US marathoner Aliphine Tuliamuk speaks out on fight to bring breastfeeding baby to Tokyo Olympics

U.S. Olympic marathoner Aliphine Tuliamuk said she never expected to be a new mom competing in the Olympics, and she also never expected to have to worry about whether she would be allowed to bring her infant daughter to the Olympics.

The coronavirus pandemic changed both of those things for Tuliamuk, who won the U.S. Olympic Marathon Trials in February 2020.

When the Tokyo Olympics were postponed in 2020 due to the pandemic, Tuliamuk and her fiancé, Tim Gannon, decided to use the time off from competing to have a child.

Tuliamuk, 32, gave birth to their daughter, Zoe, in January.

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“I’ve always wanted to be a mom and I’ve also wanted to become an Olympian and compete at the highest level of our sport,” Tuliamuk told “Good Morning America.” “I never thought I was going to be at the Olympics as a new mom.”

“That would not have happened until 2020 happened,” she said.

PHOTO: Aliphine Tuliamuk gave birth to her daughter after winning the U.S. Olympic Marathon Trials in 2020.

Tuliamuk began training again in March, two months after Zoe was born.

For the next several months she kept training with a focus of competing in Tokyo with Gannon and their daughter by her side.

Tuliamuk’s journey to the Olympics took a detour earlier this summer when she learned that, due to COVID-19-related restrictions, athletes’ family members would not be able to join them in Tokyo, including Zoe. The restriction put an impossible burden on Tuliamuk, who is still breastfeeding Zoe.

“When they put restrictions in and sent us an email that she wasn’t going to be able to come, I was really devastated,” she said. “What do they expect us to do? I can’t just leave my breastfeeding child behind.”

Tuliamuk spoke out publicly against the restriction and also sent a letter to the head of the International Olympic Committee.

Earlier this month, the Tokyo 2020 Organizing Committee reversed course and said nursing mothers should be allowed to bring their children with them to the games.

“After careful consideration of the unique situation facing athletes with nursing children, we are pleased to confirm that, when necessary, nursing children will be able to accompany athletes to Japan,” the committee said in a statement obtained by ABC News.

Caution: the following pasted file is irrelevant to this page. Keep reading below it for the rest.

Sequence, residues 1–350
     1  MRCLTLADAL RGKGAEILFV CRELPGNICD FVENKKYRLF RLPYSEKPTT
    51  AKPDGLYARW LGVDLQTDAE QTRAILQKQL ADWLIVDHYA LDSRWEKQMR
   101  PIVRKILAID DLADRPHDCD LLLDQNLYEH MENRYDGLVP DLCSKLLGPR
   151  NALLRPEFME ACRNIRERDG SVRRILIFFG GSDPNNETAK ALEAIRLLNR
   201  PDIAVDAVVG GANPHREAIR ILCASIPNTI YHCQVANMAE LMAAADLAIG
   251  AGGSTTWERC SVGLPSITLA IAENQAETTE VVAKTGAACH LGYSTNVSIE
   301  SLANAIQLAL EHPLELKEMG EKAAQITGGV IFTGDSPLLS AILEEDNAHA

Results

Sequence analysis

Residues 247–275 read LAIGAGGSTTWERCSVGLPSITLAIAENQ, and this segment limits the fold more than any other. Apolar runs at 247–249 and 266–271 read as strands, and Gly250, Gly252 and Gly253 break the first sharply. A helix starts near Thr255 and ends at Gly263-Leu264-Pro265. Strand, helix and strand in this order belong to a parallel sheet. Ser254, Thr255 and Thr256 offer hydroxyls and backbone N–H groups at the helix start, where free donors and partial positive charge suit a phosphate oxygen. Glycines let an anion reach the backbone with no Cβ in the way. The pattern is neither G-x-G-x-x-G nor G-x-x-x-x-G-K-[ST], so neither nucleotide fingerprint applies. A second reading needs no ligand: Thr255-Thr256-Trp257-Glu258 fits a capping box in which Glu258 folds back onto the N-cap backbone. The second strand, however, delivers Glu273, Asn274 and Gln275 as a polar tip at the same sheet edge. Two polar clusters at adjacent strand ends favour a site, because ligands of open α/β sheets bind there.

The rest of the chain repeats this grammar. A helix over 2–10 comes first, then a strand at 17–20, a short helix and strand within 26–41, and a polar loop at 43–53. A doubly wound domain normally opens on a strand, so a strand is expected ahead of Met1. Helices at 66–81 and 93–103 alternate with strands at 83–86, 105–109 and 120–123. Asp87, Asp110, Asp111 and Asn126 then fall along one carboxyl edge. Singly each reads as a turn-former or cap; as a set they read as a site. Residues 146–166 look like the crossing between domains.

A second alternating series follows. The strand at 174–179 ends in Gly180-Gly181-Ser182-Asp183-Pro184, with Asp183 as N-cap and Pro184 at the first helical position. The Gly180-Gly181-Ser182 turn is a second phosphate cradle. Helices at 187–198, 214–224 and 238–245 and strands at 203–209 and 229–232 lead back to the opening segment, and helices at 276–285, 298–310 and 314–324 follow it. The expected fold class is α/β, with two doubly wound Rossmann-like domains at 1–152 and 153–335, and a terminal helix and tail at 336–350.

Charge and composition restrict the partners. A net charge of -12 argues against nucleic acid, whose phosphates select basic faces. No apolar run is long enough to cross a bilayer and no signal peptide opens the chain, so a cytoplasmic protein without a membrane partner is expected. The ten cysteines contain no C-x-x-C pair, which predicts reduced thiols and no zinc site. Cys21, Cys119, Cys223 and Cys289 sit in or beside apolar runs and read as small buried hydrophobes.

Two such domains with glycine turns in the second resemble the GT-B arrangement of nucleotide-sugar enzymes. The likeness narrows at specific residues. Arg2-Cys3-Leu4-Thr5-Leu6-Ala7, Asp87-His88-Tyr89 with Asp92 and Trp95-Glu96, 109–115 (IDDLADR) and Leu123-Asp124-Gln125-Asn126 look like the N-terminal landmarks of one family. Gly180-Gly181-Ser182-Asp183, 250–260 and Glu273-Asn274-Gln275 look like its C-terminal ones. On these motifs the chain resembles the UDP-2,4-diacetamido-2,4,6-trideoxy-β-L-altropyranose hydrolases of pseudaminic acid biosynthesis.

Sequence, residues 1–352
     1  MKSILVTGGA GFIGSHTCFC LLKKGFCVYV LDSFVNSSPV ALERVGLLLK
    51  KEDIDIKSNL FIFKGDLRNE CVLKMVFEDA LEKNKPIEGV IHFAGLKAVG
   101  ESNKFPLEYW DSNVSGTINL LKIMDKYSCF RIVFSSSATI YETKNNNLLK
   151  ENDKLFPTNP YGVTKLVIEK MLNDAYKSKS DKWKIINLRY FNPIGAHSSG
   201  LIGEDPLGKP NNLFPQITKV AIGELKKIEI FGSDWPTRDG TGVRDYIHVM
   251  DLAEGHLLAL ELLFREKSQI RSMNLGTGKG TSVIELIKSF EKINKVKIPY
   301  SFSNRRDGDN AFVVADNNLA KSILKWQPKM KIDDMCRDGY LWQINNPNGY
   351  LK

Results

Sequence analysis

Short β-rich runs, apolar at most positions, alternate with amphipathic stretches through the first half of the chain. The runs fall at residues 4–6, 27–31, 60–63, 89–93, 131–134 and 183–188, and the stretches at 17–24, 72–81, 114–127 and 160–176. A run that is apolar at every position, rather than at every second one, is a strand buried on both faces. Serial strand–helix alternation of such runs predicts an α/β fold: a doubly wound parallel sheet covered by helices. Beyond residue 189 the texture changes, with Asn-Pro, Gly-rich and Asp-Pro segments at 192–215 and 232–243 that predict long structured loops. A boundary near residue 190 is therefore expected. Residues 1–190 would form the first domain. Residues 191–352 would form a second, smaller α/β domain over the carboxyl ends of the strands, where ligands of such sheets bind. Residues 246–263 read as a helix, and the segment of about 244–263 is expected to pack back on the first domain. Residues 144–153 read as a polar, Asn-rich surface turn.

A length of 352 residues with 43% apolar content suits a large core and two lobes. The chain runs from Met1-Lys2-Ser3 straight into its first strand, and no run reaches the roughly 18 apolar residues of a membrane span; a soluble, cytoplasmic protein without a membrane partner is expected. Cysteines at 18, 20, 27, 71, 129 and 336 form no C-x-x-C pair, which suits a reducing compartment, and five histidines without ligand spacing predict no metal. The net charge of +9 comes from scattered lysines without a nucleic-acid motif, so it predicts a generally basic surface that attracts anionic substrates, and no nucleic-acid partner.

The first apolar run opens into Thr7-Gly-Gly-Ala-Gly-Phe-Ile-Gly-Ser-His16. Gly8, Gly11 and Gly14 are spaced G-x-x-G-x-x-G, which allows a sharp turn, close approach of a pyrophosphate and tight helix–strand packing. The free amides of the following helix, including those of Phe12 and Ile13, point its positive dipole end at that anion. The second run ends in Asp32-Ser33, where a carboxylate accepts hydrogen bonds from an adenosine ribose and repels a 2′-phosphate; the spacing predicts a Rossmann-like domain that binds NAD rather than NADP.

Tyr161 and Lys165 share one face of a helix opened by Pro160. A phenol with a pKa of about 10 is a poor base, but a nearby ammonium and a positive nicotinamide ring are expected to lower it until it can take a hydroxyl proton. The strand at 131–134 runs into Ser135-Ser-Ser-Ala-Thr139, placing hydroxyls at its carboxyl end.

The wording of the policy still drew criticism from some, with Olympic moms such as U.S. soccer star Alex Morgan pointing out that it is always “necessary” for mothers to be with their nursing children.

Olympic officials last week said a state of emergency had been declared in Tokyo due to COVID-19 and spectators would not be allowed in venues to watch the games in the city’s new stadiums.

Less than two weeks before she is set to travel to Japan, Tuliamuk said she is still planning to bring Zoe with her to the Olympics. Also traveling with them will be Gannon, who is permitted to accompany Tuliamuk to the Olympics as her personal coach.

“I’m just full of gratitude,” she said. “I cannot wait to go to Sapporo and have an amazing race and race for myself, race for my teammates and my sponsors, my family and my daughter.”

The Tokyo Olympics will begin July 23. The women’s marathon is scheduled to be held in Sapporo on Aug. 7, the day before the closing ceremony.

Tuliamuk said she has been inspired to speak out because she said she knows that “mom athletes can compete at the highest level of sport.”

“If we want to support female athletes, part of being a female athlete is also having a family and if you want to support me as a complete athlete, you should be able to make room for my family. You should be able to make room for me if I decide to have a family,” said Tuliamuk. “You can’t just talk about supporting women and then not actually support them.”

PHOTO: Aliphine Tuliamuk reacts as she crosses the finish line to win the Women's U.S. Olympic marathon team trials on Feb. 29, 2020 in Atlanta.

She said she has also found inspiration from Allyson Felix, Kara Goucher and Alysia Montaño, three female track and field athletes who alleged in 2019 that they were penalized by Nike for being pregnant.

Shortly after they spoke out, Nike announced plans to do more to protect female athletes’ pay during and after pregnancy.

“We’ve seen over and over that when people use their voices, they deliver change,” said Tuliamuk, adding that her sponsor, Hoko, has supported her as a mom. “If Allyson Felix and Kara Goucher and Alysia Montaño hadn’t spoken out, I don’t know how I would have been treated.”

“I feel very lucky because of what women before me have done,” she said.

Tuliamuk said she also hopes that by speaking out she is helping to create more equal opportunities for future generations of girls, including Zoe.

“I want to make sure my daughter understands that this world is not easy but that does not mean that you give up. It means that you double down and you work very, very hard and you seize every opportunity that you get,” she said. “That’s how you achieve your goals.”

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